• Bruce’s Beach in Manhattan Beach on Thursday, April 8, 2021 (Photo by Dean Musgrove, Los Angeles Daily News / SCNG)

  • Bruce’s Beach in Manhattan Beach on Thursday, April 8, 2021 (Photo by Dean Musgrove, Los Angeles Daily News / SCNG)

  • Bruce’s Beach in Manhattan Beach on Thursday, April 8, 2021 (Photo by Dean Musgrove, Los Angeles Daily News / SCNG)

Manhattan Beach management at the time condemned the Bruce’s land, along with that of other landowners, in 1924 and reclaimed it through a prominent estate.

Manhattan Beach still owns the land it got from other owners through a prominent estate. This land sits above the two Bruce plots and decades later became Bruce’s Beach Park.

But the city ceded the Bruce lands to the state in 1948. The state turned those plots and larger stretches of beach over to Los Angeles County in 1995.

Under this transfer, the county, which operates a lifeguard station at the former Bruce’s Beach Lodge, cannot give or sell the land to anyone.

SB 796 will let the county do just that.

“Time and time again different government agencies have used their power to deny wealth and opportunity to many communities of color,” Bradford said Thursday. “This bill represents an opportunity for this government to finally do the right thing: right a wrong committed by Manhattan Beach and assisted by the state and the county in taking possession of this property.”

The effort to return the land to the Bruces began last summer amid nationwide protests against police brutality and systemic racism. A June 10 celebration was held at Bruce’s Beach Park, also serving to educate attendees about the history of discrimination open space namesakes have faced. A petition demanding reparations then followed.

In April, Bradford, Los Angeles County Supervisor Janice Hahn, and others gathered to announce the joint state and county effort to return the two plots to Bruce’s descendants.

At the time, these officials said the effort would be the first time in the country’s history that land would be returned to an African-American family in order to make amends for various discriminatory policies, including redlining, which prevented blacks create wealth through land ownership.

“I am happy for the Charles and Willa Bruce family and for our people across the country, indigenous as well as African American,” said Shepard, spokesperson for the Bruce family, on Thursday. “This is going to be the start of something really important for our people now. “

Shepard said he hadn’t moved from his computer for the past two days while watching Assembly and Senate sessions – and waiting for SB 796 to pass.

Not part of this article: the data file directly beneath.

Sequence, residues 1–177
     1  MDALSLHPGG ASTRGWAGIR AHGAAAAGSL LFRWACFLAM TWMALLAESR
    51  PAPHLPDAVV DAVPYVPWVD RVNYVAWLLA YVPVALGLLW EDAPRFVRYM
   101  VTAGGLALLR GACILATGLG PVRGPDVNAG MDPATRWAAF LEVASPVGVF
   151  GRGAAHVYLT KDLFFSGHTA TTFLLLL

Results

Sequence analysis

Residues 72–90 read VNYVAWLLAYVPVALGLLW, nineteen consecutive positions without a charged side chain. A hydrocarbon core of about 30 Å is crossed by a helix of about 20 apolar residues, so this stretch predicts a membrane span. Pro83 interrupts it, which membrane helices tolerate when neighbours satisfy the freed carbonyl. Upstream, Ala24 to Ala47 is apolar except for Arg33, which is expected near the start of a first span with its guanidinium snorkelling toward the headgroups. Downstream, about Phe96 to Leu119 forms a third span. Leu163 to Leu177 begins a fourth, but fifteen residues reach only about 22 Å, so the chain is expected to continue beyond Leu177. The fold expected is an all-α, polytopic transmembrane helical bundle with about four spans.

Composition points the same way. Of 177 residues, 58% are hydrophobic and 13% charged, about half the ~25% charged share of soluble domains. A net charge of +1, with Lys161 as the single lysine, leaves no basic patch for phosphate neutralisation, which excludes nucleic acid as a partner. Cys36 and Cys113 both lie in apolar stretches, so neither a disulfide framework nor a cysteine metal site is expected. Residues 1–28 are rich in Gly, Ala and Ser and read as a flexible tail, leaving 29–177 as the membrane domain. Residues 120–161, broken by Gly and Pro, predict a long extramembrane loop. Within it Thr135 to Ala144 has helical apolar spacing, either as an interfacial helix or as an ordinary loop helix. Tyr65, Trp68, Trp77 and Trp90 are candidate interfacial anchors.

“I thought they were going to adjourn and resume tomorrow,” he said, “but I didn’t budge until I saw this bill come up.”

Kavon Ward, the founder of Justice for Bruce’s Beach who spearheaded the June 17 celebration last year, was equally thrilled with the passage of the bill.

“I cried all day,” she said in a text message. “I can not believe it.”

But several steps remain to be taken before the Bruce family can take control of the territory.

First, Newsom must sign SB 796.

If he does, the bill would come into force immediately because of an emergency clause.

And then LA County would be responsible for returning the land.

“I am determined to return Bruce’s Beach to the Bruce family, but I cannot do it without this legislation,” Hahn, whose district includes Manhattan Beach, said in a statement Thursday. “I was so moved by the overwhelming support we got for this effort in Sacramento. Finally, this bill is heading to Gov. Newsom’s office. Not only do I urge him to sign it, but I think so too. that it would mean so much if he signed it at Bruce’s Beach.

It is not yet known if Newsom would do so. But he is expected to travel to nearby Long Beach on Monday, September 13, for a campaign rally with President Joe Biden in an attempt to avoid a recall.

The Los Angeles County Board of Supervisors, meanwhile, asked officials in July to pursue an action plan to return both plots to Bruce’s descendants.

A report on this plan, prepared by the county CEO’s office and the Anti-Racism, Diversity and Inclusion Initiative, detailed the complex processes involved in transferring land, assessing property value , the determination of the identity of the legal heirs, the limitation of the property tax burden. on the family and determine what to do with the first aid station. More details will come later this year on how to transfer the land once the state allows the county to do so.

State Director of Parks and Recreation Armando Quintero will need to amend the county deed by December 31 to exclude Bruce ownership from the land transfer restrictions that currently exist.

“This is the first time a government has done something like this,” Hahn said in July, “and there were a lot of questions about how it would work.”


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Father of five attacked by homeless people on a California beach https://orland-ca.com/father-of-five-attacked-by-homeless-people-on-a-california-beach/ Fri, 03 Sep 2021 07:00:00 +0000 https://orland-ca.com/father-of-five-attacked-by-homeless-people-on-a-california-beach/ Two homeless men attacked a father of five with a machete on a California beach – leaving him with horrific injuries, authorities said. The out-of-town family was having lunch on Dan Blocker Beach in Malibu on Sunday when two homeless men approached, telling them they “weren’t allowed” there, according to the Los Angeles County Sheriff’s […]]]>